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Everything posted by jwilson

  1. Always the danger in these setups is the dry slot or the too far north movement that brings rain into the equation. Even the folks in D.C. should remain skeptical for now. The last couple systems have trended south quickly and it is possible this one keeps moving south, as well, and isn't locked into its location yet. Either way, I don't anticipate this being a PA special. Maybe points SE and Philly get a moderate snowfall as the low gains latitude. I'll watch for changes, but this setup doesn't excite me.
  2. Seems to be picking up on a trend with the models of a Miller B next Sunday-Tuesday. Not a typically great setup for our area. Our totals will depend on the timing issue and how vigorous the primary low is before transfer. The storm back in December was more of a hybrid system while this one looks like a pure B event, which are great for coastal regions but tricky elsewhere. I would cap expectations (for now) at 4-8" tops. Not a bad event, but not particularly notable, either.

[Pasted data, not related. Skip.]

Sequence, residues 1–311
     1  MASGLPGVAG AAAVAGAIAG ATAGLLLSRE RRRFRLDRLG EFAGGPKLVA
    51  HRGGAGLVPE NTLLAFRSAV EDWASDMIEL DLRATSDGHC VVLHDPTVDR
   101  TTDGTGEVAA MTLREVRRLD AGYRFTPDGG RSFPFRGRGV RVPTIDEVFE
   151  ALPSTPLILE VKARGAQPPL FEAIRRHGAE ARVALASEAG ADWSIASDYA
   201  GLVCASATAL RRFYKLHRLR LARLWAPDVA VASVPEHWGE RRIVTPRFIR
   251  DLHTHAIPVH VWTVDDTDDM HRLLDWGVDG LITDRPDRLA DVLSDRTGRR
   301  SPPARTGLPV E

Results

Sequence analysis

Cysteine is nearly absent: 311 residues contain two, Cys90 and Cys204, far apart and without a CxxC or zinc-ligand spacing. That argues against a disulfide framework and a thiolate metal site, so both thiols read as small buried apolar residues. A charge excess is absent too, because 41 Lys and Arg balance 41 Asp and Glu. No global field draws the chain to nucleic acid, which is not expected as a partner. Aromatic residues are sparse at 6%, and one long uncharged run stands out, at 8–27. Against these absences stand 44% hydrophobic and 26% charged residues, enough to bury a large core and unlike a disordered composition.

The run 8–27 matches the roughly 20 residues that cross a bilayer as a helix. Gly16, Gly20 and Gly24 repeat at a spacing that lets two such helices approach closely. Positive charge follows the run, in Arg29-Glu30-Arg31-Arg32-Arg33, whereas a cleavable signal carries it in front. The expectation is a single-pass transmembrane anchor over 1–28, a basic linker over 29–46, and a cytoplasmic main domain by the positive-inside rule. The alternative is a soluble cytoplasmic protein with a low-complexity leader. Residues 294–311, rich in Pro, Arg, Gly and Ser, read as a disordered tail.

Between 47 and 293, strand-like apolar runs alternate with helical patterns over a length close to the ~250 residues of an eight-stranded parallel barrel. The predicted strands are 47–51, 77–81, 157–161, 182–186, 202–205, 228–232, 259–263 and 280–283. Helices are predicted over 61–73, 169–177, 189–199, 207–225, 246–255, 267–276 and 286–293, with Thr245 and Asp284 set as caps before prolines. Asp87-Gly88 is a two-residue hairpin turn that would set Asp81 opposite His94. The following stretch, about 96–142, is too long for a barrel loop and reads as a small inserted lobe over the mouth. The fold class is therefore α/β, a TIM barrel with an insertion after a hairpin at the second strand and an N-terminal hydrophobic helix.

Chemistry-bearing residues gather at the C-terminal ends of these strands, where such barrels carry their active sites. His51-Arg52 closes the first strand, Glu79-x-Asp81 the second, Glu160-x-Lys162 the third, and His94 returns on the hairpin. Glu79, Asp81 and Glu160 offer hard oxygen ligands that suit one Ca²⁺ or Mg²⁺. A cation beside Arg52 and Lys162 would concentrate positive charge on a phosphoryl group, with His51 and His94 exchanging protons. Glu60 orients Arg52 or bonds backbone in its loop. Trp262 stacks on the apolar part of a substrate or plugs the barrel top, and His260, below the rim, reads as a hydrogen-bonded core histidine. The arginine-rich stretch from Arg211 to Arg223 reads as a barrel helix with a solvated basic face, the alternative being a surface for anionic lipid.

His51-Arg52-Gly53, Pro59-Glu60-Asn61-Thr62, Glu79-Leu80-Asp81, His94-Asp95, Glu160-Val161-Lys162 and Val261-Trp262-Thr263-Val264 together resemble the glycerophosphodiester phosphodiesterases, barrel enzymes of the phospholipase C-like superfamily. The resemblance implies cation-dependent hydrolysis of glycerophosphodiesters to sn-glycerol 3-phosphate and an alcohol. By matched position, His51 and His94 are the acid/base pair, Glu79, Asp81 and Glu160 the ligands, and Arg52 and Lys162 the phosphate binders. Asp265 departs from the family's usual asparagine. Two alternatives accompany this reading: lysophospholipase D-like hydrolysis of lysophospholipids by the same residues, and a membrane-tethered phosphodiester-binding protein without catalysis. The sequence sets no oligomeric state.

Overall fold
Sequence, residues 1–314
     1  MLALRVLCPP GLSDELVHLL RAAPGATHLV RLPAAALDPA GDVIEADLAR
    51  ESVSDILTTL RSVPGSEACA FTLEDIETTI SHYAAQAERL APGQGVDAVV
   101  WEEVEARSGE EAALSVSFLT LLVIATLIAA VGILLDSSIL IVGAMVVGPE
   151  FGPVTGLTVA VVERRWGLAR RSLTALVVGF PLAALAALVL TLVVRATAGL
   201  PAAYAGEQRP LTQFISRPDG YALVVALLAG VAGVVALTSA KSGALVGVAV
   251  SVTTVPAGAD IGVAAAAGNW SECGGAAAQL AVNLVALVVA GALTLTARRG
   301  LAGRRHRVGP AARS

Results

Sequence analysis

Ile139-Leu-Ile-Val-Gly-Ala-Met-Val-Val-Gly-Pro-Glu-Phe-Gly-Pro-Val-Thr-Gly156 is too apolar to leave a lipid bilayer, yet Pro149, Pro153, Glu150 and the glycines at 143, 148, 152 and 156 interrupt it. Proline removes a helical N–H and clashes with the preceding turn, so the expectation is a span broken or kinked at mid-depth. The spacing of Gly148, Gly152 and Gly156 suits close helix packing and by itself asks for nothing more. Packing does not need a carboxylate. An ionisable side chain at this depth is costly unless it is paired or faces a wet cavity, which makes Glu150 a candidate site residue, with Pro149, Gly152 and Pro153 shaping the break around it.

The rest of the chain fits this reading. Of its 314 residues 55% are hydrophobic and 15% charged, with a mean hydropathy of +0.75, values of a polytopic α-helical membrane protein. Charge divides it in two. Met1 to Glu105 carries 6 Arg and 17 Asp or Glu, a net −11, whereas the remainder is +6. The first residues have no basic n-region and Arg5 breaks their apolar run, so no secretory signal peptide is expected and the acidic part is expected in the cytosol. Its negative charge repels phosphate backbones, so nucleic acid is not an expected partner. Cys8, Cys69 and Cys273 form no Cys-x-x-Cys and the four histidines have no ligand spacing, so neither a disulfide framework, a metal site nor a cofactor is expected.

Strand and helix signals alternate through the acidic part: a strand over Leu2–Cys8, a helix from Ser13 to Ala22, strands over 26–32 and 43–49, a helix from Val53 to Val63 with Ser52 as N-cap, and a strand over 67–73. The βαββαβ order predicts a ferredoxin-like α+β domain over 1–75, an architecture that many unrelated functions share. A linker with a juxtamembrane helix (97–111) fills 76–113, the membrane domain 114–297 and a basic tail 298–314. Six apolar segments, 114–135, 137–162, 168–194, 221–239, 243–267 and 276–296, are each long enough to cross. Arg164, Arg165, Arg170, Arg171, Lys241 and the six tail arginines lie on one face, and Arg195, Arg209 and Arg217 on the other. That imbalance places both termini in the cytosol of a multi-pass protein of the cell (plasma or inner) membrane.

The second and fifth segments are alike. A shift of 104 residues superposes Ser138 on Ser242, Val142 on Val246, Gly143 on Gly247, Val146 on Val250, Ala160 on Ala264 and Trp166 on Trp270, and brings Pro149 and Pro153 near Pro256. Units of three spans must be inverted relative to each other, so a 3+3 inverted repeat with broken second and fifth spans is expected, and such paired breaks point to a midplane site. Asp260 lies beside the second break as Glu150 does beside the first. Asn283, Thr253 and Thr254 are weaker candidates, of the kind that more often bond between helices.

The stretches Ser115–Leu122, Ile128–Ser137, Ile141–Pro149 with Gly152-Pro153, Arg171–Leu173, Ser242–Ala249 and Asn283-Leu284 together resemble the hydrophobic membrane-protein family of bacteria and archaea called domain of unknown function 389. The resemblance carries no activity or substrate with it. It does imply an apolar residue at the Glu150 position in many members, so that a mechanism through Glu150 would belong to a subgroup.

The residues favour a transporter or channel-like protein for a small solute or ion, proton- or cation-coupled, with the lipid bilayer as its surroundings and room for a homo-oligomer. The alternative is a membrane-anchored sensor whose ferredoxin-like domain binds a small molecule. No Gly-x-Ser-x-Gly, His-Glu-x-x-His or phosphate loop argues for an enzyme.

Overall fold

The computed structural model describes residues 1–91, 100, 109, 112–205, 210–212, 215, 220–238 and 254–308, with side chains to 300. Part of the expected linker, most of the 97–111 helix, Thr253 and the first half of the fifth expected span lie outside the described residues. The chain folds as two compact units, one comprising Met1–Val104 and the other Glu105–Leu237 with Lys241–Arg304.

3. Well, the December honeymoon sure ended quickly. We have a theoretically decent pattern, but the general atmospheric conditions are not poised for snow storms along the east coast. Comes down to a couple different factors, but it seems like the snowy conditions were relegated to Europe and Asia where the PV has hung out most of the winter. Of course, Ninas are typically more dry for us, anyway. I guess we'll see if February changes anything or if snow shows up as we transition to spring and more moisture.
  4. I see two main systems right now: Monday/Tuesday and then Thursday/Friday. Next weekend perhaps has the most potential, but what's depicted on the Euro would look a lot better if it dug and made a turn up the coast. Instead, it just ejects due east. We don't do poorly, though it feels like wasted potential. If the confluence is the issue, then we'll have to wait for it to relax and hope we can time a storm appropriately. There's something else behind that, too, Sunday/Monday (31-1st) but it's too far out and has other pieces in front to know how it will interact. Late January storms are somewhat rare, for whatever reason. Maybe this February won't be like a typical Nina and we get a refresh to re-open the big storm window.